1. Graystone, Rebecca MS, MBA, RN, NE-BC


Clinical nurses and nurse leaders are inspiring and fostering amazing outcomes. In this column, the new Magnet Recognition Program(R) director discusses the expectation for dissemination of outcomes from Magnet(R)-designated organizations building on work presented at the 2017 National Magnet Conference(TM).


Article Content

Each year the planning committees for the American Nurses Credentialing Center (ANCC(R)) National Magnet Conference(TM) have increasing numbers of submissions of high quality abstracts to review as they perform the difficult task of constructing the agenda for the multiday Magnet(R) conference. The Commission on Magnet and the ANCC staff are proud of the scholarship and excellence that is evident through the presentations, posters, and award winners.

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In the 2019 Magnet(R) Application Manual standards,1 the bar is raising on dissemination of outcomes and new knowledge. Building on the early research, the Magnet Recognition Program(R) has elevated practice standards striving for nursing excellence, ensured the provision of professional development for nurses, and hardwired the expectation for nursing research and scholarly practice supporting improved outcomes. In the new standards, interprofessional collaboration remains an expectation as well as extending the support and professionalism of nursing excellence to ambulatory settings where nurses practice.


Writing for Publication

Writing for publication is one example of a professional development activity. The seemingly simple task of constructing a manuscript for publication can be daunting. I can attest that even writing a monthly column for The Journal of Nursing Administration is stressful. The leaders of ANCC strive to use this column each month to communicate important information related to Magnet to readers across the globe. Dissemination of knowledge through publication is a professional development opportunity for nurses as well as the fulfillment of our obligation to support patient and nurse outcomes. Environmental factors and resources including writing mentors, provision of time, adequate library resources, and exposure to experienced authors have been cited as influential to the development of manuscripts in Magnet environments and should be noted by chief nurse executives (CNEs) as essential.2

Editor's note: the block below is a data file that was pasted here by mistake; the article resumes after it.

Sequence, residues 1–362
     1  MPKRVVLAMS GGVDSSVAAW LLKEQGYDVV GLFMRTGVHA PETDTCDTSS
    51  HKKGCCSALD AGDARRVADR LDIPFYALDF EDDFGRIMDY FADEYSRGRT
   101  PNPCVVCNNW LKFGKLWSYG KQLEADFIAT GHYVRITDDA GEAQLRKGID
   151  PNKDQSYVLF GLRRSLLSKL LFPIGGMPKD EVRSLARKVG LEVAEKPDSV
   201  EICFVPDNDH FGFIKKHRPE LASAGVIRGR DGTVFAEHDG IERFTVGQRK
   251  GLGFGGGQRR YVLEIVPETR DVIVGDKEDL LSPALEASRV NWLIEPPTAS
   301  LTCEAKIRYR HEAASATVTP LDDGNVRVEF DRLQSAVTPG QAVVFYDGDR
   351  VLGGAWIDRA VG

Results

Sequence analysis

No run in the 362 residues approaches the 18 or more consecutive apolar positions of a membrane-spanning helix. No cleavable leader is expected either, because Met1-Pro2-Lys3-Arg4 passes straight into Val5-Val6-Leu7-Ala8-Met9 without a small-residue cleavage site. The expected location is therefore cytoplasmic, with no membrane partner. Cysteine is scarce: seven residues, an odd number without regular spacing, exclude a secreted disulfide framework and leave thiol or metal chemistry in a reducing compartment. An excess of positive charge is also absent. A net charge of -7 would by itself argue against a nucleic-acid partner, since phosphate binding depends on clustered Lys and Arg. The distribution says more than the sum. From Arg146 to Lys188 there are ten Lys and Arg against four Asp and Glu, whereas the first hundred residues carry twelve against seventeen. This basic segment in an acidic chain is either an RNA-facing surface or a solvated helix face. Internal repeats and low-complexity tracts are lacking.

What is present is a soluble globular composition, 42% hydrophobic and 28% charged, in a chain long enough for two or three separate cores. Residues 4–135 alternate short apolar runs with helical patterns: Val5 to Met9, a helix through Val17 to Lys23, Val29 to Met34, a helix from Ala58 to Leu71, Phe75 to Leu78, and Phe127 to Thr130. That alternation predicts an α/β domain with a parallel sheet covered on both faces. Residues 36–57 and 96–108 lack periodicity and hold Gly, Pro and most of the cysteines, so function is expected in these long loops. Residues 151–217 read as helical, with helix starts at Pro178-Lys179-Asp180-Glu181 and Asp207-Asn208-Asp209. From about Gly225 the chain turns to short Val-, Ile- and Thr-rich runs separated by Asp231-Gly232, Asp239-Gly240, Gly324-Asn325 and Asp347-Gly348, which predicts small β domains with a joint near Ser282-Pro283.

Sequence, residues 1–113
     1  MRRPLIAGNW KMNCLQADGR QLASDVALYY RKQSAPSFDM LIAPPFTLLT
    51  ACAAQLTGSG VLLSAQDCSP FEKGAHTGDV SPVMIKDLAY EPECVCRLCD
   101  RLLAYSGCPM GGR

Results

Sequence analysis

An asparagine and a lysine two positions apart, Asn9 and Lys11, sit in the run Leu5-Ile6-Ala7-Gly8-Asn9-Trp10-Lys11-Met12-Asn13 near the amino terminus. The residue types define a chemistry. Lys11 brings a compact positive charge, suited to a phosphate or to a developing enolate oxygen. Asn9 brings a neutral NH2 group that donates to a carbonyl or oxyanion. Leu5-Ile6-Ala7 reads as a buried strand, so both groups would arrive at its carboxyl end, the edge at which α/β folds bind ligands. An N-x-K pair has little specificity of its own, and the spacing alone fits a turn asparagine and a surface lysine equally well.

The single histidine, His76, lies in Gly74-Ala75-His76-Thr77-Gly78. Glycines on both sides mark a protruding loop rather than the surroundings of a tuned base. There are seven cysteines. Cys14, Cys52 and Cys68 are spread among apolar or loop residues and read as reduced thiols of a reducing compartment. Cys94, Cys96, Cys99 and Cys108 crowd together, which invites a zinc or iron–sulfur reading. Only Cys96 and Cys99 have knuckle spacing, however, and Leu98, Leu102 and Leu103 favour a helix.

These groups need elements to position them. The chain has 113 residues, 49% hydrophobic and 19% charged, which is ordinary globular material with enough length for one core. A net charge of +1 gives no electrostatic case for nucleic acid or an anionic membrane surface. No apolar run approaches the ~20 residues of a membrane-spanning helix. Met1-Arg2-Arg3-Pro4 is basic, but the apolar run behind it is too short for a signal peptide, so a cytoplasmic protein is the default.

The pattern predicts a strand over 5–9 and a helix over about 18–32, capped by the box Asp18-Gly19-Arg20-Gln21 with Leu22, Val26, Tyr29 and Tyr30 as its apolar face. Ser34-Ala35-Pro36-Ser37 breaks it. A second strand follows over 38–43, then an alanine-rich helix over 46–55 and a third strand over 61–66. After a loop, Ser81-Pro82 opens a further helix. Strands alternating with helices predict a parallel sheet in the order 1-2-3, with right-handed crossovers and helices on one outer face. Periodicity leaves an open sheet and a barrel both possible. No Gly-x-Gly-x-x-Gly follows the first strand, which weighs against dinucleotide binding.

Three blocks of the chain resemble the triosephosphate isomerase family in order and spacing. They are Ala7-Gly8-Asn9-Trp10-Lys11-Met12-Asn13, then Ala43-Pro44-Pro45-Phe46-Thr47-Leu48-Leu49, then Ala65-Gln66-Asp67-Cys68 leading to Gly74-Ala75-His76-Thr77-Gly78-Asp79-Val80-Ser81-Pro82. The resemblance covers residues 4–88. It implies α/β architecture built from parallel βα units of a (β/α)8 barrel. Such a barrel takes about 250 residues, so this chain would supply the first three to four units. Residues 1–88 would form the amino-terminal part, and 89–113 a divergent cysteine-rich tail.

One best practice in the development and proliferation of publications has been to provide organizational support for employees who are returning to school for advanced degrees in nursing.2 Increasing numbers of practicing nurses and nurse leaders are enrolled in doctoral programs. Maximizing opportunities such as conducting academic projects at their place of employment and then supporting them along with their faculty and coinvestigators, in the publication of this work, is good for the organization, the nurse, and the patient. Nurse executives desiring to promote publication may want to identify and develop stronger relationships with nurse employees in academic programs and build on their work.


In many organizations including most Magnet organizations, Nursing Research Councils (NRCs) are used to support dissemination of data and information. In addition to providing research support and publication assistance, NRCs are instrumental in providing support for the funding of research, ensuring interprofessional collaboration when needed, and integrating findings into practice. Presenting outcomes, either in symposia, at Magnet Nurse Champion meetings or in the form of publication should be the end product for the conclusion of any well-developed project. Nurses can learn from projects that meet or exceed expectations, as well as those projects that do not meet expectations or anticipated outcomes but have lessons learned from the process or findings.


Role Modeling of the CNE

One additional challenge is the role modeling of the CNE to disseminate information for change. As the highest organizational nurse leader, I challenge each of you to contribute to the literature in the coming years. From looking at the research and projects presented at the 2017 ANCC National Magnet Conference, transformational work is occurring. Nurse executives can experience professional development and refinement of skills by honing their own writing and publication portfolio. The literature is clear that Magnet environments both in the United States and abroad are positively influenced by nurse leader role modeling including supporting the dissemination of evidence.3


Magnet CNEs have complex roles. The expectation for leadership beyond the day-to-day is the new and evolving paradigm. The need for support, resources, and leadership for nurses to lead change is essential. One successful approach to lead change in practice and work environment is the dissemination of scholarly work through presentations and publications and, most importantly, translation into daily practice. Magnet nurse leaders and those on the journey to excellence are up to the challenge.




1. American Nurses Credentialing Center. 2019 Magnet Application Manual. Silver Spring, MD: American Nurses Association; 2017. [Context Link]


2. Tyndall DE, Scott ES, Caswell NI. Factors facilitating publication by clinical nurses in a Magnet(R) hospital. J Nurs Adm. 2017;47(10):522-526. [Context Link]


3. Saunders H, Vehvilainen-Julkunen K. Evidence-based practice and job-related nurse outcomes at Magnet(R)-aspiring, Magnet-conforming, and non-Magnet university hospitals in Finland: a comparison study. J Nurs Adm. 2016;46(10):513-520. [Context Link]